Election Rejections

Iowa just held its Republican Primary to ring in the New Year, which means two things: It’s officially election season from now through Nov. 6, and the opinions of Iowans no longer matter. Much was made about the 2010 Supreme Court decision Citizens United v. Federal Election Commission, which, according to the court’s interpretation of the First Amendment, means the government can’t limit spending on elections by companies and nonprofits. A battle is now being fought at the local level in Milpitas, where community activist Ed Riffle is challenging the constitutionality of a new ordinance passed by the City Council that limits campaign contributions to $500 per election. In an email Riffle was circulating before a Jan. 3 council meeting, he attached the supporting analysis of John Eastman, a former dean at Chapman University School of Law in Orange, Calif. Eastman says in a letter to the council that he has challenged other cities with similar ordinances, and according to Chapman law school’s Wikipedia page, he also spends his free time fighting the legalization of same-sex marriage. Riffle argues that campaign limits protect incumbents, and Debbie Giordano was the lone member of the Milpitas council to support this take. Of course, Giordano isn’t too keen on some of her colleagues, like Mayor Jose Esteves. For now, the battle between those two is on hold as Patricia Lucas, a Santa Clara County Superior Court judge, denied Giordano’s petition for emergency consideration of the release of security camera videos and key card security logs at the Milpitas City Hall for Esteves and Councilmember Armando Gomez.

The Fly is a weekly column written by San Jose Inside staff that provides a behind-the-scenes look at local politics.

5 Comments

  1. Milpitas politics and Iowa elections are Not San Jose Topics and should not appear on SJI

    SJI needs to bring the many important San Jose issues that need to be publicly discussed or you will lose even the few remaining readers than you have

    Where are important San Jose city government metrics – crime rates, staffing, service levels, tax revenues per resident comparisons to other local and large California cities, business fee comparisons, miles streets below standard, etc   ?

    What you don’t want to embarrass City Hall or have residents have facts that show City Hall is grossly mismanaging our city while Council gives millions taxes to crony millionaires and billionaires ?

    Start New Year off right and show local sorry excuse for newspaper – Murky – what investigative journalism is all about and how to have actual community discussion about fixing San Jose’s city government and economy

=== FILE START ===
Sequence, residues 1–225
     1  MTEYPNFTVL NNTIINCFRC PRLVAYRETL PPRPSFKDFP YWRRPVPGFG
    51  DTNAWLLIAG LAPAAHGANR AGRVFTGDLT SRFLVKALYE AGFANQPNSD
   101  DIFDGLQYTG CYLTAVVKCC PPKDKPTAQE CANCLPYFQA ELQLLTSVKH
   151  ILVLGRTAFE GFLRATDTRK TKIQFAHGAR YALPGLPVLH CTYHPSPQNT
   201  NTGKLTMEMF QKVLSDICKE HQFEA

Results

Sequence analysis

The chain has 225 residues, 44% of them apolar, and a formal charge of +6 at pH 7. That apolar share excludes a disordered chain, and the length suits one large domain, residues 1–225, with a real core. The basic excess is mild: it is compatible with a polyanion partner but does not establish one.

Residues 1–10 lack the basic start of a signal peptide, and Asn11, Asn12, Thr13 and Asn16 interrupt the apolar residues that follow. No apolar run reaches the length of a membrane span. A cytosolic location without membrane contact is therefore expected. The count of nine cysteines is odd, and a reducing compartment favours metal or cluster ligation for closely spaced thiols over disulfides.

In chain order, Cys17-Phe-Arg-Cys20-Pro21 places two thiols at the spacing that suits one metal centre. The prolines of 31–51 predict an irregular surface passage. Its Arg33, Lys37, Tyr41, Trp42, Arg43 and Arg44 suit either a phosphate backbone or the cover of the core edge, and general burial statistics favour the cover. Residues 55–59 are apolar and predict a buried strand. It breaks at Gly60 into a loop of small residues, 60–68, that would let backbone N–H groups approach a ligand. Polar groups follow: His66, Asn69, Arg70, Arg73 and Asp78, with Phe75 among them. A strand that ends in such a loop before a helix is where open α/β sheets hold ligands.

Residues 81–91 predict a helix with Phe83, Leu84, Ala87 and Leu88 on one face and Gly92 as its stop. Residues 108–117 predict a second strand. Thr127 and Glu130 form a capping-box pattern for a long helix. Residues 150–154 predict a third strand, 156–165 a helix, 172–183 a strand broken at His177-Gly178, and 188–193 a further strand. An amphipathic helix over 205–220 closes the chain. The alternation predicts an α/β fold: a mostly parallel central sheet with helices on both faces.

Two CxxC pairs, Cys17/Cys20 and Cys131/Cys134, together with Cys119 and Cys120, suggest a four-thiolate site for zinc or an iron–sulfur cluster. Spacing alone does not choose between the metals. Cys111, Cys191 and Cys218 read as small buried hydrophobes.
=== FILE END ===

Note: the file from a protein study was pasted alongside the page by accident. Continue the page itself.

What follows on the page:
Murky reprints other newspapers / wire service news and opinions a few days later, weak local news and will not report anything that conflicts with Mayors and City Hall political opinions because Murky is afraid of losing more desperately needed ad revenue

    • This site is just like the Merc , anything they dont agree with……….they dont print. if your view doesnt jive with theirs then it doesnt need to be heard.

  2. yeah, this WAS pretty weak. Exactly what is the connection between the Citizens United decision and Milpitas? There was a time when the Fly actually would scoop the SJ Mercury with real political insight.

    Not No Mo.

  3. Will there be a special election in Santa Clara?

    Debbie Bress, once a favorite subject of Metro, especially when they covered local crackpots, has made a deal with San Francisco diehards who want to keep the 49ers in San Francisco, to launch a petition drive to challange the financing deal.

    Check Metro articles.  Bress has done this before, attempted to hijack a local movement.  She worked for a Sun vendor, and effectively disrupted the effort to block Sun.  This time, Bress seems to be working with San Francisco city leaders attempting to get the matter of financing the stadium on the ballot.  On December 22, two days after the power outage at Candlestick, Bress announced she needed 10,000 dollars to draft a referendum and to have it printed.  Two days later, 500 petitions were sent to Bress at her mailbox location, and they were drafted by a law firm whom she had hired to file a nusiance suit against the 49ers, which was thrown out of court.  The lawyer involved, Pete Smith, is a friend of Michael Antonini, head of the Keep Niners in SF group.  Now Bress is planning to go citywide with a petition gathering drive on Saturday.  What people do not know is that Bress has already been paid to gather the signatures, and have them printed, and any donation to the organization of which, Bress claims she is the “Social and Community Outreach Officer,” has already contractually promised Bress the funds donated to them for “reimbursements.”